Live review: The Rosebuds and Other Lives at The EARL in Atlanta, June 16, 2011
Imagine working with your spouse 24/7/365. Never a break. But the product you make is in demand and made of high quality materials. This has been the situation for the Rosebuds’ Kelly Crisp and Ivan Howard for about the past ten years. The North Carolina duo is on the road in support of their new release, Loud Planes Fly Low (Merge). Sadly, not all business ventures work out. The married Crisp and Howard called their union quits recently, but the Rosebuds continue churning out that great product. You can hear the heartache in “Worthwile” and “Come Visit Me,” but there is also joyous abandon, as in the upbeat “Woods.”
Not strangers to Atlanta, Crisp and Howard performed like locals playing a gig at a friend’s house. Constantly chatting with fans, high-fiving, talking about old times, the band had a great time (and so did we). Throughout the evening, Crisp’s birthday was discussed frequently (it was to hit at midnight), and as they wrapped a fine show, a small birthday cake with candles was brought to her on stage and “Happy Birthday” was sung with vigor by her fans.
The set included several exquisite selections off the new Loud Planes, sprinkled with old faves such as “Drunkards Worst Nightmare,” and “Nice Fox” (with the crowd helping out, “And it don’t mean nothin’ at all”). The EARL was packed with happy fans who sang, danced, and reminisced with the group. Crisp and Howard both possess fine vocal talents, but it was the harmonizing that came off the strongest. They traveled effortlessly between folk and rock, hitting everything in between.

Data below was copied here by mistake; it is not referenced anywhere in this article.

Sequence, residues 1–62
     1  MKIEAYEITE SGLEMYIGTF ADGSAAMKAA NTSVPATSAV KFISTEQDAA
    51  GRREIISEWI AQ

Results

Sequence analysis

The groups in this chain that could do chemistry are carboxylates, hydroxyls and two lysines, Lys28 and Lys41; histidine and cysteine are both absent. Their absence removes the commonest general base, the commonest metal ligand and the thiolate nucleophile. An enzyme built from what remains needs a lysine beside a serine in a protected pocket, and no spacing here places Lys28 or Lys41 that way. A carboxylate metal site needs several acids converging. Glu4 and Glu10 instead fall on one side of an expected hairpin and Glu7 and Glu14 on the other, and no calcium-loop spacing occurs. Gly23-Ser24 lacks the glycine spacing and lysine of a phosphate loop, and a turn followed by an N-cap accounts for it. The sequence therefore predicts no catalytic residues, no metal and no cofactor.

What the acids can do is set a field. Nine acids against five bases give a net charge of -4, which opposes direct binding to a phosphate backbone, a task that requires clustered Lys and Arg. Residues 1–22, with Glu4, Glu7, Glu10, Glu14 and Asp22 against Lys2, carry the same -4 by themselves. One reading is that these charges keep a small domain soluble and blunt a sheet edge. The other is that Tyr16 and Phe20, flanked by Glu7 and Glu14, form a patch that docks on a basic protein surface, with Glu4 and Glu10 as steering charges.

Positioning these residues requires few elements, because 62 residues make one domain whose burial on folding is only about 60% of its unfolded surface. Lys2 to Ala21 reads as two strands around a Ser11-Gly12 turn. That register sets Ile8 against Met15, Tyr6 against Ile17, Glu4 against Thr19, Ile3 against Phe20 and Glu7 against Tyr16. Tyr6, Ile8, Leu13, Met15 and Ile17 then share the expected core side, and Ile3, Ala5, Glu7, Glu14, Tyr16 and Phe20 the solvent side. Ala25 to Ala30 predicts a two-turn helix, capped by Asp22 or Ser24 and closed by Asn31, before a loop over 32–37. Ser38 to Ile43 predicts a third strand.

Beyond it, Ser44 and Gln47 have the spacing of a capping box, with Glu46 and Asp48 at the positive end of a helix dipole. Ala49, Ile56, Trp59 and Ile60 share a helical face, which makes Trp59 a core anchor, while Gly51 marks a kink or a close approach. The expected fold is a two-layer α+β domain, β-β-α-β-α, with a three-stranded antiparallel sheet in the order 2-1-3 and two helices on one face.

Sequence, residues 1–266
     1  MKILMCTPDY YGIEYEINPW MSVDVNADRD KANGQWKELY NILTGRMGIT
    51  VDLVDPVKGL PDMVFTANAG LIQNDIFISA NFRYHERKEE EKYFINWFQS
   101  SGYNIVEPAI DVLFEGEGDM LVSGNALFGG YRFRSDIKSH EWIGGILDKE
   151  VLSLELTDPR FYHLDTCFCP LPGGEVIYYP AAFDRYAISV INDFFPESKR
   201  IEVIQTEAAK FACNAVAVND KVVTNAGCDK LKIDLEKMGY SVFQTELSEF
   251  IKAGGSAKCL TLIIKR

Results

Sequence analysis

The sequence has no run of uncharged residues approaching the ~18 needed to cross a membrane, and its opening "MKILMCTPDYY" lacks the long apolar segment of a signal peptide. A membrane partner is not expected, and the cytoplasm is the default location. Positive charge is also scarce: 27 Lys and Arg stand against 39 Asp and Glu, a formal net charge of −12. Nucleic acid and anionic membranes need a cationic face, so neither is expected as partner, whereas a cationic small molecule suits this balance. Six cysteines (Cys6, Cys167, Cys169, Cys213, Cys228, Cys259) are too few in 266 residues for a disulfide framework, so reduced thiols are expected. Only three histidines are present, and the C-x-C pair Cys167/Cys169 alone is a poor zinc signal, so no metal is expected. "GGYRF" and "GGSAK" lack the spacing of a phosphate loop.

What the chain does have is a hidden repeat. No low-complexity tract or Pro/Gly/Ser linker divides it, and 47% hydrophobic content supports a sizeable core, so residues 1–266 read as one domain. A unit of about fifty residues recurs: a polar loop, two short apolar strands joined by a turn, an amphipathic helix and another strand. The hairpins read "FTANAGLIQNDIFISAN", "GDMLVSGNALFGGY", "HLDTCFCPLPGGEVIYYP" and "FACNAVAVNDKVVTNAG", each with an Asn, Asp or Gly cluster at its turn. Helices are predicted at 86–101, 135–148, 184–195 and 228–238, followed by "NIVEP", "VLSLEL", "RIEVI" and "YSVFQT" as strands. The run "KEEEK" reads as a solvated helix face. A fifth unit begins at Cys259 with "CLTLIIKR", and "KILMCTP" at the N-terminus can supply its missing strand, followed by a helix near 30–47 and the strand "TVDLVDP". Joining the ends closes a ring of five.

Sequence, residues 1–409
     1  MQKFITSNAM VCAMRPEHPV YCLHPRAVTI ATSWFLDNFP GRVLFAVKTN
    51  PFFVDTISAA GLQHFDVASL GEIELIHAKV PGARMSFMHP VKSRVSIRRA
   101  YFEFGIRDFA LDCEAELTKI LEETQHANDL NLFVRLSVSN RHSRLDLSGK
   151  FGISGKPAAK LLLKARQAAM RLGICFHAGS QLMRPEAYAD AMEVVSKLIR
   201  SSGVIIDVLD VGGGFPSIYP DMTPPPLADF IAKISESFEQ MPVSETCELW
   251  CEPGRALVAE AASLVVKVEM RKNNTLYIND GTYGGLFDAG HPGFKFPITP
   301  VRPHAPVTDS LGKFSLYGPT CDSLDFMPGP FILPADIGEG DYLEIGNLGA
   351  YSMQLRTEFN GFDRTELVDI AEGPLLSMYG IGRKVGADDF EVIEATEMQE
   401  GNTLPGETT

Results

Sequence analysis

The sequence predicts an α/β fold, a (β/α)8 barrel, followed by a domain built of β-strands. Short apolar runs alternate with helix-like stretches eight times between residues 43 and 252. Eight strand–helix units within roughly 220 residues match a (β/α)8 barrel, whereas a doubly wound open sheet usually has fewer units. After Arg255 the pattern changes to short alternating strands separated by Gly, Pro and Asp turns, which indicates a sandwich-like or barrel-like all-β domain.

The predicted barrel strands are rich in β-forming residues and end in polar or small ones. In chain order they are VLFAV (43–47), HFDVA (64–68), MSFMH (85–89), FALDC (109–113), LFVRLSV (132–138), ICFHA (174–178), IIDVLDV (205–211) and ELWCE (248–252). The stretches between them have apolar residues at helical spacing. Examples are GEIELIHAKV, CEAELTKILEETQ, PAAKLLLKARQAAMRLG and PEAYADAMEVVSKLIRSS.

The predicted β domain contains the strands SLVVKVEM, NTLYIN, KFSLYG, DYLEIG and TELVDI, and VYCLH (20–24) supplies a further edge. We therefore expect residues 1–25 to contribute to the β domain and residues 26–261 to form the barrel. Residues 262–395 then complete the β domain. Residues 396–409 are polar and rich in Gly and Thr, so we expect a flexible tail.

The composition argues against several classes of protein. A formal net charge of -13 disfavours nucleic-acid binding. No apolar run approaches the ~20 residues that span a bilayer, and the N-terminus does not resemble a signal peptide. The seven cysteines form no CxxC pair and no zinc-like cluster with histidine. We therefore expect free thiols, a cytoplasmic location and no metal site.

After all four consumed the birthday cake, Kelly Crisp announced, “Well, that’s it. I guess we’ll just hang out now.” And she waded into the crowd of friends.
Opening band Other Lives gave the fans a two-for-one show with a fantastic set of something that sounded like a mix between My Morning Jacket and Radiohead, if you can imagine that. With the recent release of Tamer Animals (TBD), the folk/rock outfit from Stillwater, Oklahoma is making a name for itself with sweeping, fantastic songs that you wish would never end. Singer/guitarist Jesse Tabish possesses a strong voice which perfectly complements the band’s orchestral sound (and vice-versa).
Originally an instrumental-only band known as Kunek, Tabish made the smart decision to beging singing and never looked back. The multi- multi-intrumentalists in the band worked double-time playing guitar, bass, drums, xylophone, trumpet, vibraphone, keyboards, a laptop, cello, a pair of deer antlers crafted into tamborines, and more. Fascinating just to watch, Other Lives provided a lush sound that easily trumped the visuals.